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Saturday, May 31, 2008
Trams were also on reserved track along Anzac Parade, and alongside Alison Road and Centennial Park. Whilst some of this reservation was belatedly used for buses, other parts have been lost forever. What a short-sighted waste (IMHO).
This is the climb from the Spit. The trams ran from here to Manly, and on to Narrabeen. What a useful service that would be today...
From a small clearing on the Manly side of the Spit Bridge the trams went up a twisting climb on the eastern side, joining up with the equally interesting old road up on Sydney Road. It was reserved track here in this pic, and again when it dropped down into Manly proper, leaving the road in an arc to the east (now home units) as the descent steepened, then west into the parkland surrounding the oval before joining Raglan Street.
There's a small monument at the Spit clearing and you can see the old bridge remains on the western side of the "new" bridge (ha, ha - I write "new" in an ironic sense). The old road goes west and climbs in a scenic fashion up to Sydney Road.
The sort of thing you went to Bankstown to see in 1976... The ex-Ansett Marshall Airways L10A Electra VH-ASM. Your typical sort of late 1930s airliner, really.
Marshall Airways Lockheed Electra Bankstown 76_946
Originally uploaded by gtveloce
Marshall Airways Lockheed Electra Bankstown 76_946
Originally uploaded by gtveloce
The de Havilland factory at Bankstown churned out Mosquito bombers during WWII, but had resorted to making recreational boats to keep, umm, afloat. They also maintained and restored some interesting aircraft over the years. These days they make parts for companies like Boeing.
Of course it wasn't always HMAS Nirimba. First of all it was land occupied and managed by the Darug peoples for thousands of years.
Post-invasion, 2 land grants were made in 1814 and 1816, to Major West and John Pye respectively, forming the essential extent of the future Schofields Aerodrome, Quakers Hill, site. The land was duly acquired in 1941 as a satellite field to RAAF Richmond. Construction commenced in 1942 but with the formation of the British Pacific Fleet in November 1944 it was decided to allocate the airbase to the Royal Navy (RN) as a MONAB (Mobile Naval Air Base). MONAB III arrived and the base became the RN's HMS Nabthorpe on 5 February 1945. However just a few months later, in November 1945, the RN shut down Brisbane-based MONAB VI, or HMS Nabstock, and transferred most of its personnel and equipment to Schofields. Thus Nabthorpe morphed into Nabstock.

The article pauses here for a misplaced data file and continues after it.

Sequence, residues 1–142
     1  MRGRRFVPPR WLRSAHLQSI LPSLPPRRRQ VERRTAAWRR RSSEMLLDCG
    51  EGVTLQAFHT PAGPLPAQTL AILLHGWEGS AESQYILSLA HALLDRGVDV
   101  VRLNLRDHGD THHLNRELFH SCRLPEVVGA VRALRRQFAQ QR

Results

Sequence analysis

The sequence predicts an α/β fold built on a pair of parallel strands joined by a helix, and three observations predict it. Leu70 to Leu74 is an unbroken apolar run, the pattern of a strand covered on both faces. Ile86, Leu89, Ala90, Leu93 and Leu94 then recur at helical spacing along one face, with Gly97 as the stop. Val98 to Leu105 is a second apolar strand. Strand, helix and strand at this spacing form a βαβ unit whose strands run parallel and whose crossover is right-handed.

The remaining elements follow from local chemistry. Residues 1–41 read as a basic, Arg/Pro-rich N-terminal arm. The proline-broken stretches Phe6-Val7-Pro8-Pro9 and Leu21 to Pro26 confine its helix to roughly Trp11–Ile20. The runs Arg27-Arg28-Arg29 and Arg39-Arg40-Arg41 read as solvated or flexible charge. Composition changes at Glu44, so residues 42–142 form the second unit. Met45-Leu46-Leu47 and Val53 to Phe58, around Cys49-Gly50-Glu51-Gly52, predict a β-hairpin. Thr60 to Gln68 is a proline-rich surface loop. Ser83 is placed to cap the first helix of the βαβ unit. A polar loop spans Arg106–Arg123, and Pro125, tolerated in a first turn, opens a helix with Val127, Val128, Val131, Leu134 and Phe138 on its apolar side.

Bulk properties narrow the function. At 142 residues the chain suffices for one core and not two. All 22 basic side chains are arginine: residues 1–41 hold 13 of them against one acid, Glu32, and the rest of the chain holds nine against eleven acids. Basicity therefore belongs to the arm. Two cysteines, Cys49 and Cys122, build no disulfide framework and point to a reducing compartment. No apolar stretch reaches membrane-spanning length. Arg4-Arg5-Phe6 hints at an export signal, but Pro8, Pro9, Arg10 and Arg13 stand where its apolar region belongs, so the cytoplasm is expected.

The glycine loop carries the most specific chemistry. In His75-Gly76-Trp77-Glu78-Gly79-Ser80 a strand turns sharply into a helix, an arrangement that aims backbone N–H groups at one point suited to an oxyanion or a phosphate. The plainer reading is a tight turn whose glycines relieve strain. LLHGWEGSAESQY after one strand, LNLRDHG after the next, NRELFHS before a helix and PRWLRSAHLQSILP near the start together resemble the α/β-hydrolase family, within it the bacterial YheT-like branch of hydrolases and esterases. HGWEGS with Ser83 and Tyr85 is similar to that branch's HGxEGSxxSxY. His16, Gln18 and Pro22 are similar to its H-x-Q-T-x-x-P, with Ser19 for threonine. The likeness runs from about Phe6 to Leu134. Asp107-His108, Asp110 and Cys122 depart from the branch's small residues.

Following the war's end the Royal Navy vacated the base (c.1946). It duly reverted to the RAAF and once again became known as RAAF Schofields. But not for long!
In 1952 the RAN moved in, re-establishing a naval atmosphere. The base was duly commissioned HMAS Nirimba, RANAS Schofields, on 1 April 1953. Or maybe that was Royal Australian Naval Air Repair Yard (RANARY) Schofields. No, it wasn't an April Fool's Day prank. Whilst the plan was to make it an aircraft repair facility as well as an aircraft technical training school, it was the training function that umm, took off.
Why Nirimba? Naval air stations were traditionally assigned the names of sea birds, and the name 'Nirimba' is derived from an Eora Aboriginal word meaning 'pelican'; thus the pelican became the main theme for the HMAS Nirimba crest.
Sadly, according to one source, the responsible Federal politicians and adminstrators were heavily lobbied by the local aviation industry to get out of the aircraft repair and maintenance side of things and, of course let private industry do that instead. And the RAN being about ships not planes (at least in the eyes of some) it came to pass that on January 4, 1956 RANAS Schofields (or was that Royal Australian Naval Air Repair Yard (RANARY) Schofields?) was decommissioned. And on the following day the Royal Australian Navy Apprentice Training Establishment (RANATE) was commissioned instead. To complete the bureaucratic/administrative side of things and lend an air of gentle farce to it all the name Nirimba was also decommissioned on 4 January; but like a Phoenix rising from the ashes, it was recommissioned the very next day.